Intrigue & Stuff (Vol. 1) Intrigue & Stuff (Vol. 1)


Leyland Kirby Leyland KirbyIntrigue & Stuff (Vol. 1)

9 / 10

Leyland Kirby  Intrigue & Stuff (Vol. 1)


Leyland Kirby has returned, and one song – “Polaroid”, his contribution to the compilation “SMM: Context” on the Ghostly label– wasn’t enough to quench our thirst. We need a larger dose of the man’s music to satisfy our souls: almost two years have passed since the monumental trilogy “Sadly, The Future Is No Longer What It Was”, and the need to confirm that it wasn’t just a lucky dart –although, with his previous work as The Caretaker in mind, we knew that wasn’t the case– was growing. It was time Kirby came up with new material, fixing a refreshed sound for 2011, and that’s what he’s finally done. “Intrigue & Stuff” is another trilogy, on (transparent) vinyl, of which this release is the spectacular kick-off. For starters, the Kirby here sounds different from on previous material: grainier, tougher, more epic and nostalgic. While “Sadly…” was the pinnacle of hauntology –the desolate remembrance of a past never lived and nostalgia for a future that will never be–, the material on “Intrigue & Stuff (Vol. 1)” reinforces the feeling with the same weapons but with more bite.

Analogue in texture, Leyland Kirby alternates different moods and various production techniques. “Live For The Future, Long For The Past” and “Ruined Visions” sound cosmic, floating and somewhat disturbingly incisive. “Low Entropy” is reminiscent of B-movie horror and suspense in a handy set that sounds like Demdike Stare without the sombre part. “Neon Lit Atoms” is another piece of ambient –with ongoing pitch variations that create a feeling of anxiety and dizziness– with cosmic tendencies, and both “Re-Record Not Fade Away” and “Video 2000” are very much under the influence of Boards Of Canada –it sounds like a lo-fi, phantom version of people like Com Truise and VHS Head with a touch of Belgian new beat. All in all, what makes this record satisfying is the fact that Leyland Kirby isn’t something we’ve just discovered, but it’s good to hear he’s still making brilliant music. This series promises to be another good one.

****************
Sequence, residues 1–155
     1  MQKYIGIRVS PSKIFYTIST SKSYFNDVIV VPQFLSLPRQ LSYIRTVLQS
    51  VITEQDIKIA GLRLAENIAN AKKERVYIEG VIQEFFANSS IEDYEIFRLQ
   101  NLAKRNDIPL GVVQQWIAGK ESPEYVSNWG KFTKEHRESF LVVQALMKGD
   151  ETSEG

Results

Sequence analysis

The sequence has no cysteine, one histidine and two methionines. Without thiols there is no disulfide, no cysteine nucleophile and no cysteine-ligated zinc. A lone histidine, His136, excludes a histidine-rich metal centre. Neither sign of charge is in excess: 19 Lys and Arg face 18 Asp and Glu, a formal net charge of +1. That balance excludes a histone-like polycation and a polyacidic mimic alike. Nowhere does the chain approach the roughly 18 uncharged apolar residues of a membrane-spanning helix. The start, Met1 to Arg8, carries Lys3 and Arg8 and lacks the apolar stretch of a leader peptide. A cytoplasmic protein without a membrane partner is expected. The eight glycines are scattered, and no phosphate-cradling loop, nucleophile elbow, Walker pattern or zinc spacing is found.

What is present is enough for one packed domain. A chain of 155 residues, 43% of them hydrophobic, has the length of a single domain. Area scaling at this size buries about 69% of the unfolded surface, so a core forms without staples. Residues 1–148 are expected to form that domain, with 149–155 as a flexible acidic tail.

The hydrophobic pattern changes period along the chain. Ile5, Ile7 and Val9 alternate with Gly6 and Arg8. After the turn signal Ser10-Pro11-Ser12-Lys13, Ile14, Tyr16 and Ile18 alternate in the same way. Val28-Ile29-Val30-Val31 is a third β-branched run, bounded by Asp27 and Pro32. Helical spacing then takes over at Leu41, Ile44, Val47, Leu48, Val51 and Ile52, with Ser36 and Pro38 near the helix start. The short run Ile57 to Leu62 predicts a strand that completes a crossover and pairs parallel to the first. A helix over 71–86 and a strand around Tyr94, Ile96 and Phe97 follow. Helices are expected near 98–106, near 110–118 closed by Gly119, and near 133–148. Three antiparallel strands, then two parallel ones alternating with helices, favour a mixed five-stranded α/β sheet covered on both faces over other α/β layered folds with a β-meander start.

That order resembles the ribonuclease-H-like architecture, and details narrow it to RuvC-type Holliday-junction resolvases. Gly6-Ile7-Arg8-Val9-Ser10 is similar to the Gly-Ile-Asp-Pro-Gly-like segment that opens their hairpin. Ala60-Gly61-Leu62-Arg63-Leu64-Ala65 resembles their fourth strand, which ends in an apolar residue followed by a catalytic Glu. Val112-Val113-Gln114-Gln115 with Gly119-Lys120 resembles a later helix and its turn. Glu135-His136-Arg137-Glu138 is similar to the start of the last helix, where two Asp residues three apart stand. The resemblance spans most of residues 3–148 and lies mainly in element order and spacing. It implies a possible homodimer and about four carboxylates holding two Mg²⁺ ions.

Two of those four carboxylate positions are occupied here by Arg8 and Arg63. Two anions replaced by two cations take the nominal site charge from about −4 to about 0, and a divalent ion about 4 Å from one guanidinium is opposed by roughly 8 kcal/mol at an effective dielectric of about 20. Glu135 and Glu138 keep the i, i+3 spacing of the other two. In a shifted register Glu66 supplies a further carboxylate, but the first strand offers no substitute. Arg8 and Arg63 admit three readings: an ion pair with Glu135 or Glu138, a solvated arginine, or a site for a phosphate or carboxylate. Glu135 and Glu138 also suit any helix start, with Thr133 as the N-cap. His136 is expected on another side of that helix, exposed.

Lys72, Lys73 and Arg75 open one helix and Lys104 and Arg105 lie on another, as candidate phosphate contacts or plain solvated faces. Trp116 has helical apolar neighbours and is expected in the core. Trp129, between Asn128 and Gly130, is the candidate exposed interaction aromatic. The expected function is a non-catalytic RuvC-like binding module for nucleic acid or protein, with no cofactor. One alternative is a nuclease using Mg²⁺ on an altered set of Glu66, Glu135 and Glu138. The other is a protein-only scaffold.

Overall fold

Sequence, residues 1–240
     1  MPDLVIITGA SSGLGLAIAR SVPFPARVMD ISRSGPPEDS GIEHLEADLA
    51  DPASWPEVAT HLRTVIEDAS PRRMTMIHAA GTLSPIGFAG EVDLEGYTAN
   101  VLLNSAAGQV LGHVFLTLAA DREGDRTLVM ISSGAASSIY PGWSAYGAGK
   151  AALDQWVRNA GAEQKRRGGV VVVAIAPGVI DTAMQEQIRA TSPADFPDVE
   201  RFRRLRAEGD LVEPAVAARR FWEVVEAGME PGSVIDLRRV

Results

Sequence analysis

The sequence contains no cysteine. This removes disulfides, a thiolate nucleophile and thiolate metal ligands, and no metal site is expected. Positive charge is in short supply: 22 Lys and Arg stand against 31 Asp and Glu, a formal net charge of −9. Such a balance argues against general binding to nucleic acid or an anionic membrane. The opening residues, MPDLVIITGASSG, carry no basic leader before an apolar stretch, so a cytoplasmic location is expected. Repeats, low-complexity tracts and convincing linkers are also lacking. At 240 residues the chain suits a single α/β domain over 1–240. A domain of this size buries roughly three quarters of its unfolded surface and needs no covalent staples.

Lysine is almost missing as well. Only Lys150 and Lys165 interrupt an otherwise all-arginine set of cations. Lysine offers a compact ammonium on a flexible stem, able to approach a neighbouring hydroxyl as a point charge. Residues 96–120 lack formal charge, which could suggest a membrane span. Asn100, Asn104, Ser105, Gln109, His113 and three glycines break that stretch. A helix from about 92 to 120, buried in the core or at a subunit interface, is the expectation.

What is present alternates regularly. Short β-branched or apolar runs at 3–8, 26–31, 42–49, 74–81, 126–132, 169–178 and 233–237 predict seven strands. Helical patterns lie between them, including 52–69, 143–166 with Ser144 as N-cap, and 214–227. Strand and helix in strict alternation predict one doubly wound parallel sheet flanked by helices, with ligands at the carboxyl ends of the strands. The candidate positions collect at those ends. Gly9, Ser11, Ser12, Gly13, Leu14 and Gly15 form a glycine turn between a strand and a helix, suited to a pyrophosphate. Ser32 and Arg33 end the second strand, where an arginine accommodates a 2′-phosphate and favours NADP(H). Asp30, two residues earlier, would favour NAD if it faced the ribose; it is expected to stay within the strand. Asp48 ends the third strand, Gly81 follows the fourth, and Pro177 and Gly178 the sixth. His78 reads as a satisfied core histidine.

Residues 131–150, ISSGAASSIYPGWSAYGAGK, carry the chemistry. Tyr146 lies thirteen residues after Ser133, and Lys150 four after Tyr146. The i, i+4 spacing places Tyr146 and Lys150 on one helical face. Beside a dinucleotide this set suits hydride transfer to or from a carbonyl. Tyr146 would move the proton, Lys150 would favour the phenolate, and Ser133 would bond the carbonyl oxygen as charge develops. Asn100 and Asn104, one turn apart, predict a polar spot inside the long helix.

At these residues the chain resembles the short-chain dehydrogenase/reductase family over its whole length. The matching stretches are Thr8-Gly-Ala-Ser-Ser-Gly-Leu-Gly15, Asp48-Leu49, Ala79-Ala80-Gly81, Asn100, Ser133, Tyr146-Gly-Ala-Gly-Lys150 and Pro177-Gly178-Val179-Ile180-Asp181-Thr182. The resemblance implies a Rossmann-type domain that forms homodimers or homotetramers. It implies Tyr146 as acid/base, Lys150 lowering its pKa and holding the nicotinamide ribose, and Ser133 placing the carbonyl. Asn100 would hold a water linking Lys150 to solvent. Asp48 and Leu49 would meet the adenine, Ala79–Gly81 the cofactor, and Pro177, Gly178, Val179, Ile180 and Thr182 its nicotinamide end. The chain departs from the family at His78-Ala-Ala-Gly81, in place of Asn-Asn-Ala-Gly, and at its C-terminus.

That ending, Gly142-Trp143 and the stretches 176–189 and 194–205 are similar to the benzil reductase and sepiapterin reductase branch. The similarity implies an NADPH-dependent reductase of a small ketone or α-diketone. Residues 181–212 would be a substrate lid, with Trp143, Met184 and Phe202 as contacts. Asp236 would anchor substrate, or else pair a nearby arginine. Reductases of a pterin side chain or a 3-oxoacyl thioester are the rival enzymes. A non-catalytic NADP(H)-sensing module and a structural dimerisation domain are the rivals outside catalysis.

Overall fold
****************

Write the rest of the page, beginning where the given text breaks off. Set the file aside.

Javier Blánquez

Leyland Kirby, "Neon Lit Atoms"

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